The main funding sources are general provincial and territorial spending, which was forecast to constitute 93 percent of public health spending in 2016.4 The federal government contributes cash funding to the provinces and territories on a per capita basis through the Canada Health Transfer, which will total an estimated CAD36 billion (USD28.8 billion) in 2016–2017, accounting for an estimated 24 percent of total provincial and territorial health expenditures.5

Private health insurance: Private insurance, held by about two-thirds of Canadians, covers services excluded from public reimbursement, such as vision and dental care, prescription drugs, rehabilitation services, home care, and private rooms in hospitals. In 2014, approximately 94 percent of premiums for private health plans were paid through employers, unions, or other organizations under a group contract or uninsured contract (by which a plan sponsor provides benefits to a group outside of an insurance contract).6 In 2014, private insurance accounted for approximately 12 percent of total health spending.7 The majority of insurers are for-profit.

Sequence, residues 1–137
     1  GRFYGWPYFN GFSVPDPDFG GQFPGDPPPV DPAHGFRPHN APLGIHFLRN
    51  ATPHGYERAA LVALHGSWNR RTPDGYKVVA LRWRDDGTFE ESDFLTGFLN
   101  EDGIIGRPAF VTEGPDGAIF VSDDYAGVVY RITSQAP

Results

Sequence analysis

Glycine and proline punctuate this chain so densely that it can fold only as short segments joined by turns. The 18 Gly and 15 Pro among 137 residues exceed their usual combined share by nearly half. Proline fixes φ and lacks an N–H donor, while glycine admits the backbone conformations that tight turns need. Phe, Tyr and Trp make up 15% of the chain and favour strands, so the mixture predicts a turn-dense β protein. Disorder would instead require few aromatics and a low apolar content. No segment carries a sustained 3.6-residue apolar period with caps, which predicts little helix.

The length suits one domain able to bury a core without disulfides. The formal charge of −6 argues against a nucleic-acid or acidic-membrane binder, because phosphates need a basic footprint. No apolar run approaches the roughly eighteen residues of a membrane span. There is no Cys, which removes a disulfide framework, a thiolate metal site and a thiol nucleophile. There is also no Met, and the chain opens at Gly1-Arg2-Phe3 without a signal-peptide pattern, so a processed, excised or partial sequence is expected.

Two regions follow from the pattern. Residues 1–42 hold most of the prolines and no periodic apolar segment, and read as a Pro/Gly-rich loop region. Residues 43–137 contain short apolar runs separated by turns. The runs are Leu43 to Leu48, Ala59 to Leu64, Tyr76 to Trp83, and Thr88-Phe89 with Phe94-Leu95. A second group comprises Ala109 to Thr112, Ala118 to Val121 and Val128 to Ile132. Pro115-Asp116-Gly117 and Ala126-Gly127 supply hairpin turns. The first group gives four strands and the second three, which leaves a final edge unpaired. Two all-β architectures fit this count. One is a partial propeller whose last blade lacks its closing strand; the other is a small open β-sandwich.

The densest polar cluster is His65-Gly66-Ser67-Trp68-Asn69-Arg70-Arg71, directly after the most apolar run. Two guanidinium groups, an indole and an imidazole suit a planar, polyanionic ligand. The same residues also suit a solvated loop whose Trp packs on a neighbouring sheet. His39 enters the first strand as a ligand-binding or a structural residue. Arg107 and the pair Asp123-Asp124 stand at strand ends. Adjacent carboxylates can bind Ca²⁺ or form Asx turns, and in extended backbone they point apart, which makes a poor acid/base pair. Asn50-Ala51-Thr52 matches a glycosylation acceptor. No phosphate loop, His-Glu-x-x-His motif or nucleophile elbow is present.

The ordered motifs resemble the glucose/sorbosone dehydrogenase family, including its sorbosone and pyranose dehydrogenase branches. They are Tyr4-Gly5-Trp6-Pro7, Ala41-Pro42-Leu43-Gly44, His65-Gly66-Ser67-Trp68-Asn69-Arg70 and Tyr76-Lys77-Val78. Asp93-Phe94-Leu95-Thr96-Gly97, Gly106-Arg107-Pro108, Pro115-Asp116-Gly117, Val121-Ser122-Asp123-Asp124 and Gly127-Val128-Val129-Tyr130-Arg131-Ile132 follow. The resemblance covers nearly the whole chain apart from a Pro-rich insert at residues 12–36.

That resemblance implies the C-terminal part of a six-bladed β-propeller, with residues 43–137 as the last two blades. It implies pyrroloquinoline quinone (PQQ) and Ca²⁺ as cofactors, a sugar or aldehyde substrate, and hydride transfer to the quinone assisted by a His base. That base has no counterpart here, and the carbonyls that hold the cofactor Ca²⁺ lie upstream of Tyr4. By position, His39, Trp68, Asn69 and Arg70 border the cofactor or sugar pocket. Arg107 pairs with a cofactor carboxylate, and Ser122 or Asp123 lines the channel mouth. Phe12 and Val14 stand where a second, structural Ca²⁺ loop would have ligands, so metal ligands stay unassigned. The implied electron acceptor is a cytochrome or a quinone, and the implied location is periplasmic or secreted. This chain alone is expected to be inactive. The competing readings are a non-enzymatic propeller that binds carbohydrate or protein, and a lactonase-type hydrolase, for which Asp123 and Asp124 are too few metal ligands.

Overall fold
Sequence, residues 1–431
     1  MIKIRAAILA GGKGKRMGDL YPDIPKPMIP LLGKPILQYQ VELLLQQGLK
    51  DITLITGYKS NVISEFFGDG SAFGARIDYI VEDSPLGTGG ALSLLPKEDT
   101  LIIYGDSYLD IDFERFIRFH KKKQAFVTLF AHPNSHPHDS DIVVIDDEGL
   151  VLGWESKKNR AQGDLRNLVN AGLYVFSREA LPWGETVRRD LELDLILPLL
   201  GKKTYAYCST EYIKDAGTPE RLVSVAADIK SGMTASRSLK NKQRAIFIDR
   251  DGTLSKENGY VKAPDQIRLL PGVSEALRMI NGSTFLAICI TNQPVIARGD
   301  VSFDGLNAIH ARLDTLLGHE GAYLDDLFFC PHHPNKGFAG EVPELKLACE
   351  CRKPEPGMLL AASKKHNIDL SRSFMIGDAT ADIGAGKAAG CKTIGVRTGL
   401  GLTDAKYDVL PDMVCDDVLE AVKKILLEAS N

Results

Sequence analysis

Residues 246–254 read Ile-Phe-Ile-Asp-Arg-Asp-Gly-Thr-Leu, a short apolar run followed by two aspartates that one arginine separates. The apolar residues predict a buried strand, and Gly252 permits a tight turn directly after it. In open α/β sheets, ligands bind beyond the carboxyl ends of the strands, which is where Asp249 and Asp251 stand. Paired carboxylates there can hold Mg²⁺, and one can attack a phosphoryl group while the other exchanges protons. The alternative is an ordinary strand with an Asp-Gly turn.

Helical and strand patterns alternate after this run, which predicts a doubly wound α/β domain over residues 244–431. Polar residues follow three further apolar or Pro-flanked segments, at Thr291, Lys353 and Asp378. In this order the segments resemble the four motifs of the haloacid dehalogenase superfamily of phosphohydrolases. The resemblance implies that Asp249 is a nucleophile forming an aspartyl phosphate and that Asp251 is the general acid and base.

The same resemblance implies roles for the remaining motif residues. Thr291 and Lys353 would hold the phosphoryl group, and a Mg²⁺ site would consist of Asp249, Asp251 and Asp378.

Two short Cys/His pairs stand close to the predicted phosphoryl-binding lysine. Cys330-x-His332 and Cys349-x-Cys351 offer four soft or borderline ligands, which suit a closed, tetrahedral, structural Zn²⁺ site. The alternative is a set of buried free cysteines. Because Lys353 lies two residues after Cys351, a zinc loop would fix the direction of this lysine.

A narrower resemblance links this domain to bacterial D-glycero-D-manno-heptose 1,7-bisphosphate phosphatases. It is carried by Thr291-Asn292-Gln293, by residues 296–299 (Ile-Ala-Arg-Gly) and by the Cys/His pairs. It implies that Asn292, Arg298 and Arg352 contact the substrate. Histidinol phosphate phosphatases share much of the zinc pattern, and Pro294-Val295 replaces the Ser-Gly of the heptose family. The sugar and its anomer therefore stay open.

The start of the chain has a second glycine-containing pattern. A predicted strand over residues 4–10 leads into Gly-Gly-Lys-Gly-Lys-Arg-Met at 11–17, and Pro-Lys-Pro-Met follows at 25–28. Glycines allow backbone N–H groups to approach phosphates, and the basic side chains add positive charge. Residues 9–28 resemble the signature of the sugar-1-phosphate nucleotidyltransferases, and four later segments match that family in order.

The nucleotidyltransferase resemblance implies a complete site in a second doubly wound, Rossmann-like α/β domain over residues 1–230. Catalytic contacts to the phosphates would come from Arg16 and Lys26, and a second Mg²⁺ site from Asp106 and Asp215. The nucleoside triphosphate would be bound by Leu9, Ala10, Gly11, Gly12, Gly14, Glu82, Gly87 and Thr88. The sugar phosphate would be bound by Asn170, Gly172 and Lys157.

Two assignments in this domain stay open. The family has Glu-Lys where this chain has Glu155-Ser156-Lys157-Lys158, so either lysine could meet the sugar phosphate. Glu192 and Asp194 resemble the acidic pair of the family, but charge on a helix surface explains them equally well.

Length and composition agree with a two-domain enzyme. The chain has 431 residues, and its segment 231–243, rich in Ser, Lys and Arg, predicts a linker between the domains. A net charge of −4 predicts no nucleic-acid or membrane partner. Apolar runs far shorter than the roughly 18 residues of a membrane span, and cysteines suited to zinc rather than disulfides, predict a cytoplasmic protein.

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"I love Canada. It makes a nice hat for America. When America runs out of water, it's the first place I'll go!"- "Ryan Reynolds"

Some curiosities about Canada

Famous Canadian Quotes Quotes